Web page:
Imagine your average representative or senator. He or she hears constantly from the lobbyists representing the most profitable interests on earth (Exxon Mobil, for instance, last year made more money than any corporation in the history of corporations, and it used some of that revenue both to lobby and to spread disinformation about global warming.) The congressperson may also hear occasionally from the lobbyists for the Washington environmental groups, but he suspects that most of the people in his home district don’t consider climate change a top priority. I sat in John McCain’s office three years ago, when he was trying, without success, to pass his extremely modest bill—a bill that would not begin to meet the scientific test for taking climate seriously. Still, he said, “all of the manufacturing sector is opposed to significant measures being taken. People like the National Association of Manufacturers, the automobile industry. There’s a broad array of powerful opposition to doing anything.” There was no great mystery about what needed to happen: “Until enough citizens who are voters care, then these special interests will be able to block any meaningful policy change. It’s as simple as that.”

So we need—and quickly—a movement. We need a movement as urgent, as morally committed, as willing to sacrifice, as creative, as passionate as the civil rights movement was a generation ago. And we have to build it almost from scratch. The environmentalism of the moment is vibrant and wonderful—but it’s built for other tasks. It’s built for acting on the local level (saving watersheds and scenic views) and for lobbying on the national level (changing toxics regulations or winning new wildernesses.) It’s not built for mobilizing masses of Americans around a moral challenge. The possibility of a movement exists—Hurricane Katrina blew open the door, and Al Gore walked through that door with his powerful movie, An Inconvenient Truth. The national mood has changed, but so far national policy hasn’t shifted. And it won’t shift enough without a powerful shove.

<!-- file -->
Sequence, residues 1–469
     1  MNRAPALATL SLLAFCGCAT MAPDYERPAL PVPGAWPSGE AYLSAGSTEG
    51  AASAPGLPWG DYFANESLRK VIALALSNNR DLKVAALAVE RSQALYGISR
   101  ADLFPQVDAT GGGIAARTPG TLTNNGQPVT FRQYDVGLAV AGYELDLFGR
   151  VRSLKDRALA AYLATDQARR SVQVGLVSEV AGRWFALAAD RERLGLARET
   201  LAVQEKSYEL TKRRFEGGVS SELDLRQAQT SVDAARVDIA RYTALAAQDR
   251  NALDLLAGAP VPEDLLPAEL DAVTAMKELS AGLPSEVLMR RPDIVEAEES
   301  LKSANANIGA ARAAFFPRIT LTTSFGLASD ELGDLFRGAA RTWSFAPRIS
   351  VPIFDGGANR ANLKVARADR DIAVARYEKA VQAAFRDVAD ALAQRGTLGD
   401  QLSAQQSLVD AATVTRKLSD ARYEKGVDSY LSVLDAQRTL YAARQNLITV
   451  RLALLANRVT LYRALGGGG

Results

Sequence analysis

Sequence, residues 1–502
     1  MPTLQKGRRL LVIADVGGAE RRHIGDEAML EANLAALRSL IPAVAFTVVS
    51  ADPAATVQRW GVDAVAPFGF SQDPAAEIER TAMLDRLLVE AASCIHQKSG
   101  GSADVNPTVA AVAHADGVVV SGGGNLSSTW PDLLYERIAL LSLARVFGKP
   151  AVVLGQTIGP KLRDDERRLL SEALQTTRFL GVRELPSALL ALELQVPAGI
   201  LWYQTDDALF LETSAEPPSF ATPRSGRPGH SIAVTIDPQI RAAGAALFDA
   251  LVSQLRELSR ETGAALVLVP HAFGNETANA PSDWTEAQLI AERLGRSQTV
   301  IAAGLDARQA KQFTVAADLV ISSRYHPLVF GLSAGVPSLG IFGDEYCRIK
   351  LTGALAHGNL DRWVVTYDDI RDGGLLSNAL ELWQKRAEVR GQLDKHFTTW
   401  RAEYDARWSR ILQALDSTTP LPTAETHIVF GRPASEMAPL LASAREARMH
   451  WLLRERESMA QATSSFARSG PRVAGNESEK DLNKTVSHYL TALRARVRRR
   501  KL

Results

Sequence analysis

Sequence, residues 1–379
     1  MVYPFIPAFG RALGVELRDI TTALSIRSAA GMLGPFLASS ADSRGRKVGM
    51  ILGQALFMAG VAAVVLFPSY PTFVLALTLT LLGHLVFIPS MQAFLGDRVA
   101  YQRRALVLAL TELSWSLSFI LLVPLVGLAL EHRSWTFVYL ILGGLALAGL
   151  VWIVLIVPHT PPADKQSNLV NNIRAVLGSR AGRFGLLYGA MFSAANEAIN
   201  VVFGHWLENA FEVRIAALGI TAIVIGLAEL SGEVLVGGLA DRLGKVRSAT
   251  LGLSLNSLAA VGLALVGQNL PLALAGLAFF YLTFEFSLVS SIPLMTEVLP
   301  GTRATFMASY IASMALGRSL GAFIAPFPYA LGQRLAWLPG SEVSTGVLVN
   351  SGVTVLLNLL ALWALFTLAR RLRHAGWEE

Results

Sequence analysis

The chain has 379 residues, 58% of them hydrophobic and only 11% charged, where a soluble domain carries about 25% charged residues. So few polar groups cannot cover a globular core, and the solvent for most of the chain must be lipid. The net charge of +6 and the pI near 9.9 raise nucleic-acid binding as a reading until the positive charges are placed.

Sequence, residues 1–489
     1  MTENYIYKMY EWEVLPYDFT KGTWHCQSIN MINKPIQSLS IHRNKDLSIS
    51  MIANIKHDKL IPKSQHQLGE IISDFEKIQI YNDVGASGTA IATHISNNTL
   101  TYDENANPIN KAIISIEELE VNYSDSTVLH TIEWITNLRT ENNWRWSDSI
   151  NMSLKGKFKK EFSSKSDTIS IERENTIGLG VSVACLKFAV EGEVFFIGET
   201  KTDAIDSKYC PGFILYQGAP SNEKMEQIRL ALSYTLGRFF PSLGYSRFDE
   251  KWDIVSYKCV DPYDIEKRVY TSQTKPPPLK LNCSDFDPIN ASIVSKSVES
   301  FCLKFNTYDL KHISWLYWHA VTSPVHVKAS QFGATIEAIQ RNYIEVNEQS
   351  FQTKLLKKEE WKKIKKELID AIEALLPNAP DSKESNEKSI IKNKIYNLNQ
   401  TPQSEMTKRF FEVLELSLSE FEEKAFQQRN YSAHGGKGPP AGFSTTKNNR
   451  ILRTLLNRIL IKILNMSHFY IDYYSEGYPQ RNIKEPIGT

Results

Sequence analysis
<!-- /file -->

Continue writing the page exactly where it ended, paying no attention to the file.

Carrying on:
So here’s the plan. On Saturday, April 14, a coalition of environmental activists and organizations will be staging rallies around the country. Local rallies will all hoist the same banner: “Congress: Stop Global Warming. Cut Carbon 80% by 2050.” Those rallies will be linked electronically, through both the new technologies of the Web and the traditional media. (Only ten days after the Stepitup07 Web site was launched, 196 actions were scheduled in 43 states.) Some of the rallies will be in places everyone will recognize—the melting icefields at Glacier National Park, the levees above New Orleans’ Ninth Ward, the endangered coral reefs off Maui and Key West. Some rallies will be in places less famous but equally iconic and special for those involved. Town parks, League of Women Voters meetings, City Hall plazas. Church steps.

Why church steps? Because, to put it crudely, politicians pay attention to people on church steps.

But why should churchpeople be at the forefront of this movement? Here’s my best shot at explaining:

1) If you care about social justice, this is the biggest battle we’ve ever faced. Computer models suggest that climate change will soon be creating hundreds of millions of refugees, fleeing rising waters or fields turned to desert (more refugees than we managed to create with all the bloody wars of the century we’ve just come through). I’ve wandered the lowlands of Bangladesh, fertile homeland for 150 million people. Imagining it underwater is ghastly enough. And then remembering that these people have done nothing to create the problem, that the 4 percent of the world living in America creates 25 percent of the carbon dioxide—well, suffice it to say, it makes me feel sad and angry and guilty all at once. And determined, which is the most useful emotion on that list.